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New Test for Monitoring Equine Respiratory HealthBy Kentucky Equine Research Staff · January 3, 2017

Recurrent airway obstruction, commonly referred to as RAO or heaves, leaves hundreds of horses unable to participate in athletic events and economically burdens horse owners.

Current management strategies for RAO include:

  • Administering inhaled or systemic corticosteroid anti-inflammatory drugs;
  • Environmental dust reduction strategies, such as low-dust bedding, improved turnout, and appropriate nutrition; and
  • Supplementing with omega-3 fatty acids such as EO•3, a palatable, marine-derived oil rich in omega-3 fatty acids, including DHA and EPA.

How do you know if these treatments are working and if your horse is getting better? What if he is actually getting worse? According to a new study* from researchers in Berlin, Germany, a simple test that measures matrix metalloproteinases (MMPs) could help.

MMPs are a group of enzymes that break down the matrix outside of cells in connective tissues, including the lining of the lung. Excessive breakdown of the matrix by MMPs causes inflammation in the lungs and scar tissue formation. Both of these processes ultimately inhibit the ability of gases—namely oxygen and carbon dioxide—to cross the lung walls. As a result, inhaled oxygen can’t cross the lung tissue to enter the bloodstream, and carbon dioxide can’t leave the bloodstream to be expired. In sum, each gas is stuck in the wrong part of the body because it can’t pass through the damaged lung tissue.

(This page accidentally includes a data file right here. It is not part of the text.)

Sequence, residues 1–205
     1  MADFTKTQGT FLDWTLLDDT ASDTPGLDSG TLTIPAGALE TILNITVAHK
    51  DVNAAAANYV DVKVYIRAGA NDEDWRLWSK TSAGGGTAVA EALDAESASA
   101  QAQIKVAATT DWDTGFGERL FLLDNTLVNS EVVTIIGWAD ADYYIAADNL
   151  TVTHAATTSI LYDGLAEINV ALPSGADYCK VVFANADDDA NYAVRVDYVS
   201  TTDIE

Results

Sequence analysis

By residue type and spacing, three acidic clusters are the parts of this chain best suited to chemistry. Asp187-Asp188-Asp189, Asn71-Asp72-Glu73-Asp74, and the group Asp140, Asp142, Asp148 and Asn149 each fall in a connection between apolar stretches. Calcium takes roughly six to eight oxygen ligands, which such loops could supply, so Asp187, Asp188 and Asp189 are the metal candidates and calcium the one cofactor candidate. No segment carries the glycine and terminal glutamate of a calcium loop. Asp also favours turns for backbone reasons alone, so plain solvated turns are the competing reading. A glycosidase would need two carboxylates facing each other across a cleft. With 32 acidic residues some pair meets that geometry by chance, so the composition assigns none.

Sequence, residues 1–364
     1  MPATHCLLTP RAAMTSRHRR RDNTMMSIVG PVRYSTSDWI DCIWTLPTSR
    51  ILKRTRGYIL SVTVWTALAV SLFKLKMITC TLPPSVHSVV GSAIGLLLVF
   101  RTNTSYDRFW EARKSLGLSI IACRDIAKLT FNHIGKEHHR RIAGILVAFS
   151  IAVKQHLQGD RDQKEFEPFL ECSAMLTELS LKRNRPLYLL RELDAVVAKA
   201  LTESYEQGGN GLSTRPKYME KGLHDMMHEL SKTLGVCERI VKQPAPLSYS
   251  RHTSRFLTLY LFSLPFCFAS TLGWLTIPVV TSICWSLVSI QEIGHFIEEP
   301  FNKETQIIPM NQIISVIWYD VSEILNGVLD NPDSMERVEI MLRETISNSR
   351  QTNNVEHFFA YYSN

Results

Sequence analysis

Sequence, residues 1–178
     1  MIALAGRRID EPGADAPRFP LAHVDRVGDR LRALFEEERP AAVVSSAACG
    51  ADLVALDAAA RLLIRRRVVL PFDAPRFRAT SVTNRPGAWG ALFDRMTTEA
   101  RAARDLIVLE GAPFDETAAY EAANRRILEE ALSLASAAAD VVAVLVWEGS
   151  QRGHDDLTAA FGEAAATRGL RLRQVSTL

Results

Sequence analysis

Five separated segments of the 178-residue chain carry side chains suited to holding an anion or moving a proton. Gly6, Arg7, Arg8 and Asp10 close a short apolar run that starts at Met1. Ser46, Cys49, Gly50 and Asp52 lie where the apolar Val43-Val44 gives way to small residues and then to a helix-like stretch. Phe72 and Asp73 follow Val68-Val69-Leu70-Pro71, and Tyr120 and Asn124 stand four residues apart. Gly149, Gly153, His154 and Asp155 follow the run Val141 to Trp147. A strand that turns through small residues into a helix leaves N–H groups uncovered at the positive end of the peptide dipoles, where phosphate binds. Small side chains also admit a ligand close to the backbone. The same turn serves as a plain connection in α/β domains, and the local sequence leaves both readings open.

To illustrate this theory, the German research team recruited 10 horses with a history of RAO. They performed a lung wash both before and after treatment with an inhaled corticosteroid, budesonide, combined with environmental dust reduction. The fluid was tested for MMP concentration and activity.

The researchers found that the activity level of all measured MMPs and MMP inhibitors decreased following treatment. They concluded, “Metalloproteinases and their inhibitors…are valuable markers for clinical improvement in RAO.”

In addition, new therapeutic drugs that target MMPs may provide promising new options for the treatment of RAO and the spectrum of equine asthma.

*Barton, A.K, T. Shety, A. Bondzio, et al. 2016. Metalloproteinases and their inhibitors are influenced by inhalative glucocorticoid therapy in combination with environmental dust reduction in equine recurrent airway obstruction. BMC Veterinary Research. 2016 Dec 9;12(1):282.